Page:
DDOT and WMATA both share blame. One of these two agencies needs to step up and take ownership of the 16th St project. There's no carrot for WMATA - they gain nothing - so there's no motivation for them to do anything. DDOT just plain doesn't care; they're more than happy to maintain the status quo.

The Cleveland RTA was able to make the Euclid Corridor (HealthLine) BRT project work because CEO Joe Calabrese wanted to leave his legacy on the city and made it personal. He spearheaded the project and shoved it down everyone's throat dispite fierce opposition. I don't advocate this approach but it worked. My point is, someone needs to jump in the driver's seat for this project and advocate. Until then, nothing happens.

by dcmike on May 19, 2014 1:24 pm • linkreport

Those bus lanes on lower Georgia Avenue between Barry Place and Florida Avenue are desperately needed. According to this document they were scheduled to be done years ago.

by jimble on May 19, 2014 1:31 pm • linkreport

William: Bowser was asked.

http://greatergreaterwashington.org/post/21986/a-bus-lane-for-16th-street-which-mayoral-candidates-agree/

She said:

I don't know [about the lane], and I've said this before, and I know you had a series on your blog about 16th Street and dedicated bus lanes. There's been really no proposal that's been presented to me about what that would look like for 16th Street.

Let me just say more generally that I think we have to, yes, where it makes sense we should have bus lanes. Where it doesn't make sense, have priority signalization for buses. Anything that will move buses more efficiently will help.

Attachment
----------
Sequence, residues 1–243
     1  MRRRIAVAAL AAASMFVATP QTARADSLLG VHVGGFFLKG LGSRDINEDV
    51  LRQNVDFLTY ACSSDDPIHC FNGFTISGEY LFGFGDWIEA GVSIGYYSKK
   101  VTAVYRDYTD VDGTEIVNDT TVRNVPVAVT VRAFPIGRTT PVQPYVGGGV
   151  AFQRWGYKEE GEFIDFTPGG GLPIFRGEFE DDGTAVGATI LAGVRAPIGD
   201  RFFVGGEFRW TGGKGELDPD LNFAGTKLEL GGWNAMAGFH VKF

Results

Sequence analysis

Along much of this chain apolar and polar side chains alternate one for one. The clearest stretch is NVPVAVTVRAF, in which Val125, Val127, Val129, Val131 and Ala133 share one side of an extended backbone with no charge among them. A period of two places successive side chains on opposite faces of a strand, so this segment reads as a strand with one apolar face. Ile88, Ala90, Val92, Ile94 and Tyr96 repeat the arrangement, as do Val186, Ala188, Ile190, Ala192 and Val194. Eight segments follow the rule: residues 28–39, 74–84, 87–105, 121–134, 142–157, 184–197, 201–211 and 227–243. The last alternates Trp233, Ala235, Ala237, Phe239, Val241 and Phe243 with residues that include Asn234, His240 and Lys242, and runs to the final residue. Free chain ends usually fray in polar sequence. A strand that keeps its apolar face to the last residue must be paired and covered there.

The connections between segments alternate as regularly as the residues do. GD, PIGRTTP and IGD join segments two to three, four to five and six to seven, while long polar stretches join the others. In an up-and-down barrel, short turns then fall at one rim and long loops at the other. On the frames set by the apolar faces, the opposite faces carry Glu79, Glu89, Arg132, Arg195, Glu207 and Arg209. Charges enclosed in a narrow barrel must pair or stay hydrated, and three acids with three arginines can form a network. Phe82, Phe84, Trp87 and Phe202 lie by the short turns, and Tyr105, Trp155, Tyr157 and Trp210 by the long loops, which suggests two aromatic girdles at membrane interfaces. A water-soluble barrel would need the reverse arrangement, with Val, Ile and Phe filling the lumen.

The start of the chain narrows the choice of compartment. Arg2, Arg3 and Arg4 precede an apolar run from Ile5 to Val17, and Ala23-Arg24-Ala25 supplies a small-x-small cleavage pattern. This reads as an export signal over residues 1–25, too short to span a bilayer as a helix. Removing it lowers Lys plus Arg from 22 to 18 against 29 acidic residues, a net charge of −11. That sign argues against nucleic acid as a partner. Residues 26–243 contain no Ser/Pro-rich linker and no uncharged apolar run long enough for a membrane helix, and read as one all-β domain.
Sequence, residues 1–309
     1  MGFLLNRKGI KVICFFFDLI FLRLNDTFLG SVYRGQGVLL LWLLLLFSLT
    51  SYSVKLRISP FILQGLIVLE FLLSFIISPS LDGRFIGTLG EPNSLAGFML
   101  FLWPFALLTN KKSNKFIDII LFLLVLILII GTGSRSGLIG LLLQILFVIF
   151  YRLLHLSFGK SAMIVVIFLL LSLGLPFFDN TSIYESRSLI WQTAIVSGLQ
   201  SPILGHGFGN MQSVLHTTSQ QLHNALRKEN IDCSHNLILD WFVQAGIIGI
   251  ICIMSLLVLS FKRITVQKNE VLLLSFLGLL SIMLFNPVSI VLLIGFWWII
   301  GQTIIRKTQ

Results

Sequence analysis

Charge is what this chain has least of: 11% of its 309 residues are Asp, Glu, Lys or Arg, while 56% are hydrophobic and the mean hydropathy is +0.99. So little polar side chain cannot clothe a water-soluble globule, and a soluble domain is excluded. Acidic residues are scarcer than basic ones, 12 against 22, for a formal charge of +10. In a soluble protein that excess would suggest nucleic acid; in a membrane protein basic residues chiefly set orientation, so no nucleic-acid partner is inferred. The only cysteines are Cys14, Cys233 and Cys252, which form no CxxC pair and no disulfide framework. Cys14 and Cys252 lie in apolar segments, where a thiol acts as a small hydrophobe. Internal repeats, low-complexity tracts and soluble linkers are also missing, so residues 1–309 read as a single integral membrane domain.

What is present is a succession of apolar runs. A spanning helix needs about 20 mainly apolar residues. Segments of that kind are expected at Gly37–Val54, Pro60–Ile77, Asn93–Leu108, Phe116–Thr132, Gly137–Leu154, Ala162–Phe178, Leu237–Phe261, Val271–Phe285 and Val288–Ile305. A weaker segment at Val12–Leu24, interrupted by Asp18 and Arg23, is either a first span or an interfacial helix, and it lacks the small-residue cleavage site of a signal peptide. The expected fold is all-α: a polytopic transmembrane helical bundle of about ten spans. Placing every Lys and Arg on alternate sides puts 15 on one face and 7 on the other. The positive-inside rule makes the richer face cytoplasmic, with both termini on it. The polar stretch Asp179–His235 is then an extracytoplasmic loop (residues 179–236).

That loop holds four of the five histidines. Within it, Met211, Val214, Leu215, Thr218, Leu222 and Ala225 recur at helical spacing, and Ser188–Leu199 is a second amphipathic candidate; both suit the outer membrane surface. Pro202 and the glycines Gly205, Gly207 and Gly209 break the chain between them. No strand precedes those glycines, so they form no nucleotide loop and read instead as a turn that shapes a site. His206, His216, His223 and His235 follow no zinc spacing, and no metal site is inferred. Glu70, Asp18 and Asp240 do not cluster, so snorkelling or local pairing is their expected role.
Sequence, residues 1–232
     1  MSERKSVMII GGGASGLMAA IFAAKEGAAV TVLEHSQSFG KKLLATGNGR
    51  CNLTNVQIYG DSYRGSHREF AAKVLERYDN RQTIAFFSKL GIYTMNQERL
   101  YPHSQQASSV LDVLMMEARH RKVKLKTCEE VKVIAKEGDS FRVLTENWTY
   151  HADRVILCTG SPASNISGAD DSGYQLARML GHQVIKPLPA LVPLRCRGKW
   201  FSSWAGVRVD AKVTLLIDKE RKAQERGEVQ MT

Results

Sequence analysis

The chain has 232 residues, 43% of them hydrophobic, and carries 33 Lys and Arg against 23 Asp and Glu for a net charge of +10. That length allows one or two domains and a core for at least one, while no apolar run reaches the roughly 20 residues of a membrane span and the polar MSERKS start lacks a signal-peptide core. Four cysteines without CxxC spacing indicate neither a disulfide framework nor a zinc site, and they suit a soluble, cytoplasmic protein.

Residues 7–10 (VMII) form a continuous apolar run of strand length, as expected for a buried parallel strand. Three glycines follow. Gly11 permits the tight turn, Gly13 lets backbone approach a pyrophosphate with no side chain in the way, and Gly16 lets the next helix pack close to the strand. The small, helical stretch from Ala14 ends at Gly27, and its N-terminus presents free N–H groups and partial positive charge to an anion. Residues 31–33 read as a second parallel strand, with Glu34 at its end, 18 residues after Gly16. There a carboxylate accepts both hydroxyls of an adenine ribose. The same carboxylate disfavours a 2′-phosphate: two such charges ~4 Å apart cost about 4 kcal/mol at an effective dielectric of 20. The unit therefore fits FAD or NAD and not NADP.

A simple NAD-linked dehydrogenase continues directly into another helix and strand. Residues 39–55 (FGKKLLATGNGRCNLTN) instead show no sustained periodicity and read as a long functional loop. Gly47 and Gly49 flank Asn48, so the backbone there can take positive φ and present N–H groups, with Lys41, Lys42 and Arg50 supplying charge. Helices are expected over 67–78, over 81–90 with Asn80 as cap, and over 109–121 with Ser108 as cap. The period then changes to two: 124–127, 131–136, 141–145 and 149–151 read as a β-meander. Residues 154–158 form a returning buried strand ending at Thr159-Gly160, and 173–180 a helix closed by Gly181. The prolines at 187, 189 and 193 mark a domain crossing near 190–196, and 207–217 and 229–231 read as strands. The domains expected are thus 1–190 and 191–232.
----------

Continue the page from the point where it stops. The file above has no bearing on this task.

What I've been very impressed with over the last several years is we got express bus service on 16th Street and on Georgia Avenue. The success of that MetroExtra bus has been tremendous. So give it a special bus, give it limited stops, you make it more comfortable and convenient, and guess what? People will ride the bus.

Now imagine if they can also get there faster. So I think that wherever possible, we need to prioritize bus travel across the city. We know in many ways it's more efficient. We can't put a Metro stop everywhere. We can't put a streetcar everywhere. But we can look at the changes in demand and react pretty quickly with bus service. ... I'm very committed to making sure we have high-quality bus service in DC.

dcmike: WMATA really wants to do a bus lane. They have been pushing the idea with local leaders, on PlanItMetro, and more. They did a study which recommended it. But they have no power to force DC to do it, so they can't do much more.

by David Alpert on May 19, 2014 1:31 pm • linkreport